It’s a Zevon festival today, on the fourth anniversary of his untimely death.
This is the Rolling Stone review of his debut album (I know it wasn’t really the first, but for all intents and purposes it might as well have been), by Stephen Holden. Probably needless to say, the album got a good review, but Holden’s writing doesn’t knock my socks off. But the intro is good:
Warren Zevon’s first Asylum album is a contemporary comedy-western about Los Angeles. In images that are often mordantly funny and detailed right down to specific place-names, Zevon compiles a surrealistic vision of Hollywood that is one part Howard Hawks to three parts Nathanael West. Albums with a Hollywood-western theme aren’t new. But all the others have been made by die-hard romantics—the Eagles, Jackson Browne, Joni Mitchell. In refreshing contrast, Zevon works almost exclusively with irony and satire. The appearance of an L.A. singer/songwriter who dares to puncture the seriousness of the romantics but who is also musically sophisticated enough to work in their idiom is long overdue. A competent pianist and guitarist and a fine composer, Zevon’s songs run the gamut from acoustic folk to hard rock. His best tunes even manage to use the romantic harmonies of Browne’s and the Eagles’ ballads to evoke pathos and humor simultaneously.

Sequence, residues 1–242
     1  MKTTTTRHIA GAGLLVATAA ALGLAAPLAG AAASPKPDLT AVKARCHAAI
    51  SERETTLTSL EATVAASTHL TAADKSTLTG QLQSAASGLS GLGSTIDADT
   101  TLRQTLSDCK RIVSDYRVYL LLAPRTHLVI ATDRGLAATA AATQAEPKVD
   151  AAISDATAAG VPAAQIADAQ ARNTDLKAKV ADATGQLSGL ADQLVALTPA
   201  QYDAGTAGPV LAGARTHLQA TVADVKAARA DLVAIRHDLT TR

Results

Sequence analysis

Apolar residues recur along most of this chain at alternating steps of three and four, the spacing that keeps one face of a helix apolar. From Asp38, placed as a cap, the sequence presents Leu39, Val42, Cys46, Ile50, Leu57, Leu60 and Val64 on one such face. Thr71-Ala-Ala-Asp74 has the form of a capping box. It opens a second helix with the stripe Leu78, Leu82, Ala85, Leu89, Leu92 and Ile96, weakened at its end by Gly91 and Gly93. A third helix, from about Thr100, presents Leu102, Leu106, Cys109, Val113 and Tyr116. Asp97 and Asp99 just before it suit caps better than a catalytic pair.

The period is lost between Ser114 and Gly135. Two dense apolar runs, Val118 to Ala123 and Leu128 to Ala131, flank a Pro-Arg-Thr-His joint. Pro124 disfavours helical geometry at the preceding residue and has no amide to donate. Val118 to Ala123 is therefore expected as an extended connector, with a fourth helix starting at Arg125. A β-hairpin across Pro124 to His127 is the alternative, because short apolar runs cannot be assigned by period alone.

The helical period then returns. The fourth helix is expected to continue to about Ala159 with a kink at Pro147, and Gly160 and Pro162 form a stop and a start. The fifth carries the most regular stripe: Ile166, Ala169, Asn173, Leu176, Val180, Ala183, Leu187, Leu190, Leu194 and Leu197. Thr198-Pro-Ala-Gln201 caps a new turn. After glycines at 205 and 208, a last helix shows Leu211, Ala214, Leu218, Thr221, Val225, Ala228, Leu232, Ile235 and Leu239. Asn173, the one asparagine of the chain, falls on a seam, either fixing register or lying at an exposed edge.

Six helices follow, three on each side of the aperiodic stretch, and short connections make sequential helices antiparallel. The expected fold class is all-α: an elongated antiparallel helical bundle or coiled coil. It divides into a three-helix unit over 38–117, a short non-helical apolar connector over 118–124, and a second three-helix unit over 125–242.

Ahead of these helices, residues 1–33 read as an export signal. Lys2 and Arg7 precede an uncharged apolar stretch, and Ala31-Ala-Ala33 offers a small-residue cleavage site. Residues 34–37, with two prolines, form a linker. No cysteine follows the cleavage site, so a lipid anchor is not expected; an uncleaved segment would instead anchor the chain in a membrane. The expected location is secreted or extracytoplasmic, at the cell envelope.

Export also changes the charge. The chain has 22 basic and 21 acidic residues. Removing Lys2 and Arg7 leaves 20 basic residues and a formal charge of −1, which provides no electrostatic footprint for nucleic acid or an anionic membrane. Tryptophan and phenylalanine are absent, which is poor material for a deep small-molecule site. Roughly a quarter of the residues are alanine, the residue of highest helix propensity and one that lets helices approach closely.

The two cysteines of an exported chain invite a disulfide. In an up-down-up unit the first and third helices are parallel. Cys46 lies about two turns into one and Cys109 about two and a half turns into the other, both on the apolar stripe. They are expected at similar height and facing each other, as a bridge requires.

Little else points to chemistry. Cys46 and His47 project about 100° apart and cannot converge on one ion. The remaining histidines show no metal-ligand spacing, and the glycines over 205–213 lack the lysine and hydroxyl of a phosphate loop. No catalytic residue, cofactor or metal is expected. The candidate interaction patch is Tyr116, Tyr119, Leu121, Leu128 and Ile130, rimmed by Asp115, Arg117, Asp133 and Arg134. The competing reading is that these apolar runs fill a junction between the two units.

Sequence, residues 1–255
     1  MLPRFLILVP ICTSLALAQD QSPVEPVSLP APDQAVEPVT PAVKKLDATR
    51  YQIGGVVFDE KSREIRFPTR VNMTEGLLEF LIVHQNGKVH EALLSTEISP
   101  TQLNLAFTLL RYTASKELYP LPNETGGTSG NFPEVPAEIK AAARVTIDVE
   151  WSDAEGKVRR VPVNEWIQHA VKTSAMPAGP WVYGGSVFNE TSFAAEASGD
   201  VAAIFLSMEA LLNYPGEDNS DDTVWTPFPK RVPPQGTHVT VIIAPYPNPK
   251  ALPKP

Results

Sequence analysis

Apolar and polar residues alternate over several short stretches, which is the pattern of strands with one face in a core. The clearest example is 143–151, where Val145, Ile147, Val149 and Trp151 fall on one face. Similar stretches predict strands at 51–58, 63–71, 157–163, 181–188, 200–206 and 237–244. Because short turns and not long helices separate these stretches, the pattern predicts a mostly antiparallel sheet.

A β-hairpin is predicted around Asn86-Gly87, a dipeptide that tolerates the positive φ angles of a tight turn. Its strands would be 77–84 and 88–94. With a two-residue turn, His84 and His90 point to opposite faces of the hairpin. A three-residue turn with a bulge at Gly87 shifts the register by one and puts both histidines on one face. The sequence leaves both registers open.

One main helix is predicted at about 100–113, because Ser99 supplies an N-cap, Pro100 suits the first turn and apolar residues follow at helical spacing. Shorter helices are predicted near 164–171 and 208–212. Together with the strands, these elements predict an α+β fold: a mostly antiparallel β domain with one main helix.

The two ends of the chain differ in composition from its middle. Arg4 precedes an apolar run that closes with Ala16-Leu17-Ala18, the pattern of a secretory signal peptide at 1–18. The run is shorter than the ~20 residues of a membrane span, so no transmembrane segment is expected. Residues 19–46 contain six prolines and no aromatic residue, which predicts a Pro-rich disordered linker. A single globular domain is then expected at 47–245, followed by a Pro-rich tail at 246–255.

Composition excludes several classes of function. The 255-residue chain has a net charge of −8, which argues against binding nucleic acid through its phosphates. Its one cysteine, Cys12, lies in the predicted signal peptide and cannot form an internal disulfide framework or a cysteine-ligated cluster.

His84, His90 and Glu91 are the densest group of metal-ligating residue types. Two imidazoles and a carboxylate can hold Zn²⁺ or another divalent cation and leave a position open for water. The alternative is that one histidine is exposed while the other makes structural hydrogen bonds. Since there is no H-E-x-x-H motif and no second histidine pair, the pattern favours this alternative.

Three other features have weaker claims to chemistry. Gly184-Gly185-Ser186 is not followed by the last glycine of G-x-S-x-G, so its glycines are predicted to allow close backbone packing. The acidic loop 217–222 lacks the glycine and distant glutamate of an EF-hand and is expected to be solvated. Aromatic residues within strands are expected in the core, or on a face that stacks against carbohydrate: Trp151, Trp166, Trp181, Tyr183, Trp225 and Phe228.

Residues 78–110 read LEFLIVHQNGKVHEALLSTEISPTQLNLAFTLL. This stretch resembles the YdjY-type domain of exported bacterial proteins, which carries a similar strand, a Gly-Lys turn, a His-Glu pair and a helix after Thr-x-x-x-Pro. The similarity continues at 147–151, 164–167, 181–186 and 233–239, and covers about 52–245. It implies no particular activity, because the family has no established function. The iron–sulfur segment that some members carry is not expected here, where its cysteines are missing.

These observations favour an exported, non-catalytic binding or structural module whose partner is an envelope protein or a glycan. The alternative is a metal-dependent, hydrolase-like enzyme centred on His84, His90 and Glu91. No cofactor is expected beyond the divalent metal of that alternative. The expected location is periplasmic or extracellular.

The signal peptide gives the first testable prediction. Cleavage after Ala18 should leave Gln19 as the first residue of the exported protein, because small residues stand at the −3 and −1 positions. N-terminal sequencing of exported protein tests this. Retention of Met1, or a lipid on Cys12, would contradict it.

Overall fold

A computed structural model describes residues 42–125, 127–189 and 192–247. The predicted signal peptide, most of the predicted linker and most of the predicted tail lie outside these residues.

I especially like the contrast Holden draws between Zevon and the other major West Coast stars of the time. Of course, we know he got along well with Jackson, a close friend and mentor; he appears to have gotten on with the Eagles all right; but I don't think Joni Mitchell could stand him (if memory serves, there's a piece to that effect in I'll Sleep When I'm Dead, but I can't remember all the details). But he definitely carved out his own niche.